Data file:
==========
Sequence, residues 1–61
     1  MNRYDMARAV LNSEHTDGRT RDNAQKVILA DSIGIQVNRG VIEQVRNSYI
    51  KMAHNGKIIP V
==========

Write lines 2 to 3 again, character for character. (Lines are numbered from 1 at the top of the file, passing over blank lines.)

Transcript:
     1  MNRYDMARAV LNSEHTDGRT RDNAQKVILA DSIGIQVNRG VIEQVRNSYI
    51  KMAHNGKIIP V